Now all that has changed. Since buying a car my family drives almost everywhere, even when it would be easier to take public transportation or cheaper to walk. We traded our 8-year-old condo for an 80-year-old house. Owning, as opposed to renting, means coming to terms with a building’s idiosyncrasies and knowing that if something goes wrong, you have no one to call. Our new home is only about a mile from the D.C. border, but it feels a world away. Instead of waking to grocery delivery trucks, we hear our neighbor’s lawnmower in the morning. Rather than walking to work, I now take a bus and a train every day. My kids’ afternoons are now spent in the backyard or local library instead of a Smithsonian Museum.
Most of my moves have involved big changes – a new school or job, new roommates and landlords, and often a new part of the country or world. In that context, this 6-mile relocation seems trivial. Plus, my husband did all of the heavy lifting for our move (literally and figuratively) and I only took one day off work, so there was not too much disruption to our normal routine. Or so I thought. Now, exactly two weeks later with half our belongings still in boxes and our routine in shambles, my family’s situation feels anything but “normal.”
Part of the reason I have moved frequently as an adult has been to avoid growing attached to places and belonging. Ever since that first traumatic move when I was ten I have treated each new dwelling and possession as temporary. It is my coping mechanism for dealing with change – making movement the norm so that it is less unsettling. What makes this move so different is that we anticipate it will be our last for a while. After a lifetime of meandering, I am putting down roots. In many ways, that is exciting. It means no more IKEA; we’re going to have “real” furniture. I ordered a bird feeder and patio furniture (bought from a store, not Craig’s List). We greet our neighbors every chance we get. We can paint our walls whatever color we want without having to check with the landlord, and we can repaint them if we change our minds in a year or two.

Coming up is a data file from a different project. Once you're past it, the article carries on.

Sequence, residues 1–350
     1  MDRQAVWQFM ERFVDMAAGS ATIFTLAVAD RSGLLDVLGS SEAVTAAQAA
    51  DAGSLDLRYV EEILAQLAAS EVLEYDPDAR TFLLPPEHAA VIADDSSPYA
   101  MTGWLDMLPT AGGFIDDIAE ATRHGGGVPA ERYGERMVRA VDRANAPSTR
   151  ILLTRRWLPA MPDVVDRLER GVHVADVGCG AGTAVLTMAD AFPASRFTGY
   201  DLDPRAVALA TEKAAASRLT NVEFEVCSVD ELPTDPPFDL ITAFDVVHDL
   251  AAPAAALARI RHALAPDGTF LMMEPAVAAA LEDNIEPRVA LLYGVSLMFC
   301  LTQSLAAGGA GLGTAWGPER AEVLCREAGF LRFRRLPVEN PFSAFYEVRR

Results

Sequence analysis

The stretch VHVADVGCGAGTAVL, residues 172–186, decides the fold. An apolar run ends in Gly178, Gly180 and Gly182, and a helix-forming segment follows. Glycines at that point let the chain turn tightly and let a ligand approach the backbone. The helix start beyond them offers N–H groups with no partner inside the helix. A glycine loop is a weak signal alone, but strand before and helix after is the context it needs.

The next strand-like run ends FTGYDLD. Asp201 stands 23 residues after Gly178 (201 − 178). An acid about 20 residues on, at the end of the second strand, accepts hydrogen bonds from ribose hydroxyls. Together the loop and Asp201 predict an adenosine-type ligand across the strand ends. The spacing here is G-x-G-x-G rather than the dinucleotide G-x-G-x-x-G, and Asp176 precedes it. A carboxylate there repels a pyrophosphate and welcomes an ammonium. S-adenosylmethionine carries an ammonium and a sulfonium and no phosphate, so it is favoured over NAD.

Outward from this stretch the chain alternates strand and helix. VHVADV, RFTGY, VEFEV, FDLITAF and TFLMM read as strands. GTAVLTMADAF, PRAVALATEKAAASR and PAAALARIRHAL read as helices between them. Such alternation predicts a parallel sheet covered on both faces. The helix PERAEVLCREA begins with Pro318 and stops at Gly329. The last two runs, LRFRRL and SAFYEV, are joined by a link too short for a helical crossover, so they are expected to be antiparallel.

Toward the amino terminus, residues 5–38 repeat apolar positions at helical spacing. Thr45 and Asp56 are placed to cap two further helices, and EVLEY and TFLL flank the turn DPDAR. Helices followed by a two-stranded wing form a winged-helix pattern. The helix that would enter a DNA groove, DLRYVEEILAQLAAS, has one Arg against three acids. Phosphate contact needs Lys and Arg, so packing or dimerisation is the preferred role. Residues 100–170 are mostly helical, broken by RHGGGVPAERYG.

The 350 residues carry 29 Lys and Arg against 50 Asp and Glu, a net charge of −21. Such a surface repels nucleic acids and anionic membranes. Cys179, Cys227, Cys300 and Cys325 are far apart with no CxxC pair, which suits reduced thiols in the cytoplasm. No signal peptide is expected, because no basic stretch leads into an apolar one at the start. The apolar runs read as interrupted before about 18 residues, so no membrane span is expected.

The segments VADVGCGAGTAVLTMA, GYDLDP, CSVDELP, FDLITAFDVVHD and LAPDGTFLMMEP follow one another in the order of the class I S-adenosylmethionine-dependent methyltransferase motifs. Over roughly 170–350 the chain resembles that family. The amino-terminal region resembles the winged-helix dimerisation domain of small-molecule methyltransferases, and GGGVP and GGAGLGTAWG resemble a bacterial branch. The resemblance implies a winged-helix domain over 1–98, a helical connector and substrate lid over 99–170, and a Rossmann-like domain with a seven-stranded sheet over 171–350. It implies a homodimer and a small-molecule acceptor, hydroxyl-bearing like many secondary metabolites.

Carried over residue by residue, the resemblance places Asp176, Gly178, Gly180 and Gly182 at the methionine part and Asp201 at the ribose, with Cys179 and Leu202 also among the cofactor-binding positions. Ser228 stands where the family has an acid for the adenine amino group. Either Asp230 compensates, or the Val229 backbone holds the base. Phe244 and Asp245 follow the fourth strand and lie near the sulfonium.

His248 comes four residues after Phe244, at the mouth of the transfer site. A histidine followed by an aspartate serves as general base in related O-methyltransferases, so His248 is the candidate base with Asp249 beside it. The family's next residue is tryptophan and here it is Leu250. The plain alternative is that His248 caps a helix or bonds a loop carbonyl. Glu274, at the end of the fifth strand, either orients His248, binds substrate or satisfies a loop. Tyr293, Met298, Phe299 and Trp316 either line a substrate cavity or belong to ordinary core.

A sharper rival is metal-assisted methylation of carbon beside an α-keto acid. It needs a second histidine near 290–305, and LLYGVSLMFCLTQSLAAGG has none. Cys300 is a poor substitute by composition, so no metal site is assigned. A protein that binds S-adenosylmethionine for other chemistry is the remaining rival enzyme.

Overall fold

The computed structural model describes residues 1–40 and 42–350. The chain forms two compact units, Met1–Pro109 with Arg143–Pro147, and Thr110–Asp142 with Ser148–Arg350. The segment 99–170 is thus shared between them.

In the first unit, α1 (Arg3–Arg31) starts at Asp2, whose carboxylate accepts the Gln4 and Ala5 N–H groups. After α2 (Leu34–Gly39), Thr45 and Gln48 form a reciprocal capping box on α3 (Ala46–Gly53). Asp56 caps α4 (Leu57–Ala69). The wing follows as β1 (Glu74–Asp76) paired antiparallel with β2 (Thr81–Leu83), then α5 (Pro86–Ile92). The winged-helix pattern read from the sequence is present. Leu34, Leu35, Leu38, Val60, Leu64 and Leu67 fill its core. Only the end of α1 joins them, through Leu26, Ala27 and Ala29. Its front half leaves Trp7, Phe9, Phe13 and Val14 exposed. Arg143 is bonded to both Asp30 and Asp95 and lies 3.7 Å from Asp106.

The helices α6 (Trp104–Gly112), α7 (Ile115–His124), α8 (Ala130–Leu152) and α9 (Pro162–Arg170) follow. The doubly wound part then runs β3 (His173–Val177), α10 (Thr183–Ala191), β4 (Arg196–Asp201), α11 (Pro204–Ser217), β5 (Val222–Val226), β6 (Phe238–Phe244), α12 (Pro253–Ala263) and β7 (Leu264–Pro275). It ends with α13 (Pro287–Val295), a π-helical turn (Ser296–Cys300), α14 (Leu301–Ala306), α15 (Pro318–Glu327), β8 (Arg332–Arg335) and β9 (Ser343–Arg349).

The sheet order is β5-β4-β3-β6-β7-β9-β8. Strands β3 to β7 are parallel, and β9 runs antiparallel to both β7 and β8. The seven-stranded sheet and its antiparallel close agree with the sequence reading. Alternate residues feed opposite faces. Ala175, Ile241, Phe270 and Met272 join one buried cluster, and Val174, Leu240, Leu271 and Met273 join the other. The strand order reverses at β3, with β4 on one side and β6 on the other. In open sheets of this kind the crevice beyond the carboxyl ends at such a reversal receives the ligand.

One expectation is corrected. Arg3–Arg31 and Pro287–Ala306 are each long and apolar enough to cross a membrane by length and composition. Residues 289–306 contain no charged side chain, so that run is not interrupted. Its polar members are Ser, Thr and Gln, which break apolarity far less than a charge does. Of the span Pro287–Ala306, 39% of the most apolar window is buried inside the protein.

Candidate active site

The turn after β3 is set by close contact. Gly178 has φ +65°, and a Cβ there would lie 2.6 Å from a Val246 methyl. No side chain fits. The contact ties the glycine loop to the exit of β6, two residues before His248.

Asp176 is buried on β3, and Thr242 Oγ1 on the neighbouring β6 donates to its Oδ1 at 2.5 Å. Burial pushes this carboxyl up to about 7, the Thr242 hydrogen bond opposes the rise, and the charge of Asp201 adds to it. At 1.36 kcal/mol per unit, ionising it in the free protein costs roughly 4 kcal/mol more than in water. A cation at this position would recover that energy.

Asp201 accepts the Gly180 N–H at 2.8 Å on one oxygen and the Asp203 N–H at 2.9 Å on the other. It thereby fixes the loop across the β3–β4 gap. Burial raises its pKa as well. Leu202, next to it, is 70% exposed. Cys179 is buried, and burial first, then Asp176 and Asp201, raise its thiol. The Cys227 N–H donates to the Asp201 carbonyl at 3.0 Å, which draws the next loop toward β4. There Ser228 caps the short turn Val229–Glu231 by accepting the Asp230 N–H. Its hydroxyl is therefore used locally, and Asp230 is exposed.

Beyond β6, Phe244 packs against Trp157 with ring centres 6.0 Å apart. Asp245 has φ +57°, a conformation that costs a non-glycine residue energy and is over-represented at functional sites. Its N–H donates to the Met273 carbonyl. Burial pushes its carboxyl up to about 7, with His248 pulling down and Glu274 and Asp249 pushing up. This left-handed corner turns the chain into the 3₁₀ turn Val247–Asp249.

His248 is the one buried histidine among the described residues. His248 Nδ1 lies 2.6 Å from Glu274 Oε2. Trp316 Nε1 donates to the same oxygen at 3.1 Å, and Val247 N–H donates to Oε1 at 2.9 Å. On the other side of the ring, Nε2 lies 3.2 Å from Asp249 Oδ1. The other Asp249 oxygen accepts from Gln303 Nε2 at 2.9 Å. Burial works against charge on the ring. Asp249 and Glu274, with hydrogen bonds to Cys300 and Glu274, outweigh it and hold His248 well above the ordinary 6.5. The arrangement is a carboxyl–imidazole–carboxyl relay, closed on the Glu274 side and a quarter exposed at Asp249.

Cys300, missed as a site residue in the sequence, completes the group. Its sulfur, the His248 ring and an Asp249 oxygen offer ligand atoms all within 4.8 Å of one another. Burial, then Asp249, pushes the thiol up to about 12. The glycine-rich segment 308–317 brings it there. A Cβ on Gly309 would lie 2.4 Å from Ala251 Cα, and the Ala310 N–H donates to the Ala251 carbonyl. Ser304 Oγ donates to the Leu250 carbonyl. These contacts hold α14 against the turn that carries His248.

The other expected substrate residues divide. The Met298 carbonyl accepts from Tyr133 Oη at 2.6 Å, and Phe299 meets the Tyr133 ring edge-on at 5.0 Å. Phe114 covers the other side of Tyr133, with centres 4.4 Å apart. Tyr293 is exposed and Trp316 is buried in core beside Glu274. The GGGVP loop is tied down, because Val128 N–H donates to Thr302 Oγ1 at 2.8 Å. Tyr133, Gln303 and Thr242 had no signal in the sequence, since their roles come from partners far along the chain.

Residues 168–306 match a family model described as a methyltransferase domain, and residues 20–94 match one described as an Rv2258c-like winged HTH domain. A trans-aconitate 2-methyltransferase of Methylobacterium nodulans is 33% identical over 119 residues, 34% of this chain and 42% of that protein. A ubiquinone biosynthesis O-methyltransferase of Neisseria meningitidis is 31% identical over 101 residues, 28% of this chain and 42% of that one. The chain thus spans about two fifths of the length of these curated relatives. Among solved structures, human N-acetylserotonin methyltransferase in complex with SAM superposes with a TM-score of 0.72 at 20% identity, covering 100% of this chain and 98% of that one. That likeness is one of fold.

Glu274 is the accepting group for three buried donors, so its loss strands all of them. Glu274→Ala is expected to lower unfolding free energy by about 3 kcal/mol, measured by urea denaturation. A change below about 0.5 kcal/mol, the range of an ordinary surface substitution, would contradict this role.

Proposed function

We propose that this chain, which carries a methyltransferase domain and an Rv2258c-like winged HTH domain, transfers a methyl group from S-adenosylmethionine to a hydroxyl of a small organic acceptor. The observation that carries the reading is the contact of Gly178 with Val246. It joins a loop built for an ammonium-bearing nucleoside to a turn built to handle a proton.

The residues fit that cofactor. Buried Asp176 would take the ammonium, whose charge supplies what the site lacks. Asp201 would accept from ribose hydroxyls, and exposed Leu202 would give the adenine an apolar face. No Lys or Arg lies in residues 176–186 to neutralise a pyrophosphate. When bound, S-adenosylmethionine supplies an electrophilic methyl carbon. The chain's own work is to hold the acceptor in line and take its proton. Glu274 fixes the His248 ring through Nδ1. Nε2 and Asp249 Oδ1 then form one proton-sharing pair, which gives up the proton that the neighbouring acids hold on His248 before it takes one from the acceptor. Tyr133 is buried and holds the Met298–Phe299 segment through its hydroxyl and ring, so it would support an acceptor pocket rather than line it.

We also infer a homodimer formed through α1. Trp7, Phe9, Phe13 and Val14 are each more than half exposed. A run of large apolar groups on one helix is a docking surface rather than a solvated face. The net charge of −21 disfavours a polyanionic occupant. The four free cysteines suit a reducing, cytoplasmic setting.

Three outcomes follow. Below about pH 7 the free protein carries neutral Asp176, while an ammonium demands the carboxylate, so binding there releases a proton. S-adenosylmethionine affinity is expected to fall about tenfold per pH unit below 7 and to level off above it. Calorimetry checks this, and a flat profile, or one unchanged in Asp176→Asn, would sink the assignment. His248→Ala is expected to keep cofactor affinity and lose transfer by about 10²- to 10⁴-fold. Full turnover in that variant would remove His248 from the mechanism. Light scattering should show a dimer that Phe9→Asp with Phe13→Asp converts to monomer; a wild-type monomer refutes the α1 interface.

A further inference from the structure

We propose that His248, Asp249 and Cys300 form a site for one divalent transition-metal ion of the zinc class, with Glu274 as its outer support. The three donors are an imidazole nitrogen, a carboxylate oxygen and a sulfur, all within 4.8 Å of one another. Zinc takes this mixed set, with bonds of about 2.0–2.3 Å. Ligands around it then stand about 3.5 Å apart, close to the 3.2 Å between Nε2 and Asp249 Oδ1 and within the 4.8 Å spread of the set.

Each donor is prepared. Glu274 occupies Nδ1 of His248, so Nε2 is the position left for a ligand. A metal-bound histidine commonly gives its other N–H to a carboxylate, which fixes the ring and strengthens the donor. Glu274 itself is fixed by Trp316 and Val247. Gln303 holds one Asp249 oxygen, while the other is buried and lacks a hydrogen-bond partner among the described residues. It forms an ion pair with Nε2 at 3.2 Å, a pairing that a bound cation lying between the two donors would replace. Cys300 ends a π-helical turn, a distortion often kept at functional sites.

On the other hand, with years of living in this home stretching out before me, I am annoyed that I need a step stool to reach the kitchen cabinets. I realize how expensive utilities for a whole house are, not to mention the cost and time involved in yard maintenance. I am most surprised by how vulnerable I feel in our new home. I jump when the FedEx guy knocks on the door; there seem to be spiders everywhere. Heaven forbid there are train delays that keep me from my kids after a long day in the office (I hate being dependent on the train to get home). I’m frustrated that I cannot just stop in on a friend when I am “in the neighborhood” and that I have to schedule play dates far in advance. I live in fear of a large branch falling from one of our 100+-year-old trees and hitting someone or damaging the roof. I have nightmares about intruders, floods, and fires threatening this structure that has swallowed up my life savings and surrounds the people I hold most dear.
Each night for the last two weeks has felt like that night in my childhood home before I moved for the first time. I cannot help but wonder if the move from the city to the suburbs, from being a pedestrian to a commuter, from renting to owning, from just inhabiting a space temporarily to living somewhere for the foreseeable future, marks the end of a major chapter in my life. No more am I a young professional drinking in all that our nation’s capital has to offer, living the life I imagined for myself the first time I visited DC. Now I am a government bureaucrat, mother of two, with a mini-van and a nice house in the suburbs.
Perhaps, just as at ten years old when I feared my childhood was over, I am being over-dramatic. I am quite sure I will come to love the new life I will live in my new house, but for now, I am mourning the home and the lifestyle I left behind. Because, just as when I was ten years old, deep down I know that it is me who is changing. My family and I need a new space to grow into. And although we do not yet know when that day will come, we will eventually grow out of this first home. My kids will probably cry and refuse to leave, and I will try to convince them it is for the best. It always is.